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Past modals speaking activity: abandoned places

PAST-MODALSSPEAKINGACTIVITYThe aim of this activity is to practice using modal verbs to speculate about the past. It is suitable for levels intermediate and higher. It is a good choice for students preparing for their FCE or CAE exams who need to work more on the use of modal verbs. It is based around the photos in this online article.

The Task

Step 1

Choose a visual from the article and show it to your students. Ask them to say what they see. Then, ask them to think about what this place might have been like in the past. Draw your students’ attention to the following modal verbs used to talk about the past:

  • might have (possibility)
  • could have (possibility)
  • must have (certainty something was true)
  • can’t have (certainty something wasn’t true)

and their respective meanings and functions.

This is the image I usually start this class with. My students usually determine it is an old, ruined house / mansion/palace. Then we speculate together about what it once might have been:

  • It might have been a┬áhouse.
  • People who lived there must have been rich.
  • It might have belonged to an important person (politician, businessman etc.)
  • It can’t have been in the centre of the city because it’s now covered with plants.
  • It must have had many rooms and a big garden.
  • It might have been abandoned because it was haunted (my personal favourite!)

I then reveal the caption for the picture: “A home abandoned after a fire during World War II. ”

Step 2

Ask your students to work in pairs/individually and choose a photograph of an abandoned place they want to work with (you either need to print some photos or allow your students to go to the website). Ask them to come up with as many sentences using past modals as possible.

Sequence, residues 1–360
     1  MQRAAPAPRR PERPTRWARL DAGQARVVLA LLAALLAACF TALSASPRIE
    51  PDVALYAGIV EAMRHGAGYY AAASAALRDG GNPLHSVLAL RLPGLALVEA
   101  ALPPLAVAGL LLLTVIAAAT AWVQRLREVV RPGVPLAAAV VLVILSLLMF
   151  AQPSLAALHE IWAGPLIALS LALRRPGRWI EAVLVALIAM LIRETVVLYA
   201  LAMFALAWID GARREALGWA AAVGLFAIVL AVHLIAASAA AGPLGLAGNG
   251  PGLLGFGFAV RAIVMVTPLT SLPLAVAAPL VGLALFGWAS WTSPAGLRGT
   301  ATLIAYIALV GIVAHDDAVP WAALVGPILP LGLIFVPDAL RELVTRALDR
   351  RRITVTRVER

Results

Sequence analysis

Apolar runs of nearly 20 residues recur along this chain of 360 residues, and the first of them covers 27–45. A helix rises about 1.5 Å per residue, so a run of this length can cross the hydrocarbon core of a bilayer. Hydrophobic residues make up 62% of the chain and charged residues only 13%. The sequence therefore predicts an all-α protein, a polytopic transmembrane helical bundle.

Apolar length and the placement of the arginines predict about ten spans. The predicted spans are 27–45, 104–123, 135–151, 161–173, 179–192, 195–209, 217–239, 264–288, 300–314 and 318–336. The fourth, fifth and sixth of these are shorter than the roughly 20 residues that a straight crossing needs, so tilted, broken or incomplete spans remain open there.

Step 3

Check and correct your students’ sentences with the whole class. Find out which picture was the most popular and why. Ask whether your students have ever visited a similar, abandoned place/whether there is a similar, abandoned place in the area. If so, try to find out what they think this place might have been like in the past.

If you are looking for more engaging grammar activities take a look here, here, and here.

Personal Experience

I have often heard from my students that using modal verbs to talk about the past was “too much” and they had difficulty getting their heads around it. I have always tried providing them with a suitable context in which practising this particular grammar point wouldn’t sound artificial and they could see the actual point of it. This collection of photographs allowed me to do just that and additionally sparked a couple of interesting discussions about abandoned buildings my students had seen or heard of.

One Comment

  1. I used this a few weeks ago when I was observed by the director of my school – it blended well with some present perfect activities beforehand, then speculating on who certain people may or might be, and then this. Was an upper level PET group, and they loved discussing these pictures. Tried it with a CAE student as well, and also was quite successful. Excellent material!

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